Order Takers versus Advisers

In consulting and outsourcing should we act as order takers or as advisers to our clients? Advisers make observations, provide analysis results, and offer recommendations to the client, which are sometimes not what the client wants to hear. Order takers only provide specifically what the client asks for.

As an example, consider a financial planner being approached by a couple looking for a loan to purchase a new luxury car. The adviser, upon noticing a significant level of ongoing credit card debt, recommends that they first pay off the high interest credit card debt and hold off on that new car purchase until that is complete. The order taker would simply sign them up for the car loan. Both the couple and the financial planner have an incentive to go the route of the order-taker. The couple wants to get a new car. The planner generates business in the form of a new loan when they act as as order-taker, and risks losing the couple as a client when they act as adviser. However, from the viewpoint of a neutral third party, clearly the adviser's recommendation is better for the couple's financial well-being over the long-term.

So there is a dynamic tension between acting as an order-taker versus serving as an adviser. This is made worse when the client is a larger organization with different stakeholders: some might be looking for an order taker to action their requests while others are looking for an adviser. Now the adviser needs to seek some level of consensus between these stakeholders, or at least balance their competing demands. The order taker's role remains simple, but leaves some portion of the stakeholders dissatisfied.

This is but one instance of the general rule that being an adviser is much harder than being an order taker. The adviser needs the same skills as the order taker plus the analysis skills to produce solid recommendations, the courage to relay unwanted news, and the wisdom to do so appropriately. The greater challenge of being an adviser means that when performed well it brings much greater value to the client. Order takers provide relatively low value in comparison, and thus are at greater risk of being replaced by another provider, perhaps via outsourcing to a geography with cheaper labor, or even via replacement by automation.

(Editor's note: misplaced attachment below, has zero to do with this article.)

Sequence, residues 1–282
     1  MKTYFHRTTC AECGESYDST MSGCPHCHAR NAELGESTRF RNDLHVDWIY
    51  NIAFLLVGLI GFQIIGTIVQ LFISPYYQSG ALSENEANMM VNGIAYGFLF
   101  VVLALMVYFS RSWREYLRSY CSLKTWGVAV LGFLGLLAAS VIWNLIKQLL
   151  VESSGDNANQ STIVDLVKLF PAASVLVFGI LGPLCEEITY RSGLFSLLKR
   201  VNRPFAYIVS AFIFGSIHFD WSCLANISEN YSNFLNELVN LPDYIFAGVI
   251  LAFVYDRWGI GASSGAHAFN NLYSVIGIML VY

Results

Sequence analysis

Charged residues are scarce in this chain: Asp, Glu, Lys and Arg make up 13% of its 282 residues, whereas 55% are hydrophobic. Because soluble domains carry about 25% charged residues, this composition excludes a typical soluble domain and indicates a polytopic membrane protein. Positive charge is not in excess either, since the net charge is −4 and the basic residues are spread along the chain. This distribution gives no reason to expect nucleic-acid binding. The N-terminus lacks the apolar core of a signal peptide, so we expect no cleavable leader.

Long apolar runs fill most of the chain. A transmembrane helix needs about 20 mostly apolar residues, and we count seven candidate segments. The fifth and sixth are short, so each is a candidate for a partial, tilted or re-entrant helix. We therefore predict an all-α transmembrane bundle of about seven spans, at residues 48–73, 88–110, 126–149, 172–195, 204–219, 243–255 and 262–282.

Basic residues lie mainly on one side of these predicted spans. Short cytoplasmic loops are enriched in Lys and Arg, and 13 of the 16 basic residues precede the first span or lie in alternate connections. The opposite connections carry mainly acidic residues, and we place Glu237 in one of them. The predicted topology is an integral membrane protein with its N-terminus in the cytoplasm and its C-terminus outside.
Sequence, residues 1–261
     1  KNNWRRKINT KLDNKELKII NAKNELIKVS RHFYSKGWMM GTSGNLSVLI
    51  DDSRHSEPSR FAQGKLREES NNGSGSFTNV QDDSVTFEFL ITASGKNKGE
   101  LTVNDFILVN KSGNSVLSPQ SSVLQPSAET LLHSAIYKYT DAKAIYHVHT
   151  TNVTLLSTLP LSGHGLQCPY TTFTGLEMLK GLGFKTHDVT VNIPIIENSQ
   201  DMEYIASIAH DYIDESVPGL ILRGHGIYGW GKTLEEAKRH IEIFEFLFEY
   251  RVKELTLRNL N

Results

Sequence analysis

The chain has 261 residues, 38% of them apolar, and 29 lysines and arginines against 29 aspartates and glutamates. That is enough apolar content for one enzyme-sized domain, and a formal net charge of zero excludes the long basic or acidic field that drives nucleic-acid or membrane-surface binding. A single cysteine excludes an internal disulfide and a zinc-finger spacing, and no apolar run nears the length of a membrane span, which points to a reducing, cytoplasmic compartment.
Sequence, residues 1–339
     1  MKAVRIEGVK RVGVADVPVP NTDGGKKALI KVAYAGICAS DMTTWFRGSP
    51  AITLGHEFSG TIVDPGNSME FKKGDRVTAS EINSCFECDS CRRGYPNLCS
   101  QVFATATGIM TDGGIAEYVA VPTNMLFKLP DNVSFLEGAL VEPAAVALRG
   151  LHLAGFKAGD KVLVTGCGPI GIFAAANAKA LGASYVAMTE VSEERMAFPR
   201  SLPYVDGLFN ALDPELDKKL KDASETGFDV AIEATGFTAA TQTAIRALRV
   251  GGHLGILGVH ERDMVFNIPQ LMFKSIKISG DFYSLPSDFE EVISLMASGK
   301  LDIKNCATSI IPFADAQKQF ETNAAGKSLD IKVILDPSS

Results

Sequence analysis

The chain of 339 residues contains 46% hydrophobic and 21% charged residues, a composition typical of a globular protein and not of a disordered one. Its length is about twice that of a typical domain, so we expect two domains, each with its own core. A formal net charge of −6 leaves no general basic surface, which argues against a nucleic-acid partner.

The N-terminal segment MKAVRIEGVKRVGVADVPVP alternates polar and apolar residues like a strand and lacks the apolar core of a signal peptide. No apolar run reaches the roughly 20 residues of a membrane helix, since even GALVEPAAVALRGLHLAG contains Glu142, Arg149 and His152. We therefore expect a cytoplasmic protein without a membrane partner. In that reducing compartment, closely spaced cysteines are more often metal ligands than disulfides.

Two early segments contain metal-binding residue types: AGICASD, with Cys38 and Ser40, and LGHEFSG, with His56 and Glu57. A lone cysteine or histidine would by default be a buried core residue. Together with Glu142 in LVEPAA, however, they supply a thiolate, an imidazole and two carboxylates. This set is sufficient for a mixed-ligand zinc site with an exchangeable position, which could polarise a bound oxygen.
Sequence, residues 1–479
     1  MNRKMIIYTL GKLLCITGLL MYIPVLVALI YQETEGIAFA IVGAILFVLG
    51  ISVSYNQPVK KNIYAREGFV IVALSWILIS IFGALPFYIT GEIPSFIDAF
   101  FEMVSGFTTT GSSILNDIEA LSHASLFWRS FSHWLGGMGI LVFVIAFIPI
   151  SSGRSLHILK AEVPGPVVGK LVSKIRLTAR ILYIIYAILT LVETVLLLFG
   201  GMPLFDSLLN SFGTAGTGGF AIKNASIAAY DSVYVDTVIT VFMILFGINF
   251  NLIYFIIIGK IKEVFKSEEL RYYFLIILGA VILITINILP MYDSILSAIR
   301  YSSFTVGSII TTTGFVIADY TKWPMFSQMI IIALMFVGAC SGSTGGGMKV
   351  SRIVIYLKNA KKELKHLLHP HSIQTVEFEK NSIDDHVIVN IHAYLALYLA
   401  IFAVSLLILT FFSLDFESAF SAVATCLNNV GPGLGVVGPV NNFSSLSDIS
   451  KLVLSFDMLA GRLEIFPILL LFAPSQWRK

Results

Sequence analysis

The risk of being an adviser is that too much unwanted or poorly delivered advise can result in the loss of the client. In Scrum there is a warning that "a dead Scrum Master is a useless Scrum Master" which is meant to portray this risk and point out that your mission to change and improve the team and organization cannot succeed if you are removed from your position.

Scrum itself introduces a challenge for development teams regarding their interaction with the product owner as order taker versus adviser. Scrum is clear that the product owner - not the development team - is responsible for setting priorities and deciding what is to be worked on next each sprint. The development team is responsible for gaining an understanding of the work items and estimating them to determine what they can commit to delivering each sprint. This is intended to happen in a collaborative manner, so it is perhaps not completely accurate to characterize the development team as order takers that simply turn work items into a working product increment. On most development projects I have been on the development team has an opportunity to advise the product owner when their priorities and work item selections seem to deviate from the expressed product goals or project objectives. Often there seem to be at least a few work items that are selected for other reasons, such as mitigating potential political risks that have nothing to do with delivering value to end users. So I believe the development team has the opportunity and the responsibility to challenge the product owner to confirm the value of such work items.

I recently observed an example of the order taker versus adviser issue that highlighted the perils of acting just as an order taker. A business team requested an estimate for delivery of a particular solution to achieve a particular business objective within a relatively short-term deadline. Unfortunately, the identified solution was ill-conceived for several reasons including that it was too large and cumbersome to be delivered anywhere near the deadline. Rather than advise the business team of this, the I.T. team acting as good order-takers dutifully delivered a a carefully considered, fairly detailed estimate that showed expected timelines at least twice as long as desired, with correspondingly high costs. When the enterprise architecture team reviewed these plans, they clearly provided their advise that the planned solution was untenable. The I.T. team's failure to act as advisers left the enterprise architecture team disappointed with their performance.

So as you provide services to clients either internal or external to your organization, evaluate whether you are acting as an order taker or as an adviser and consider which would be more beneficial in the long term.

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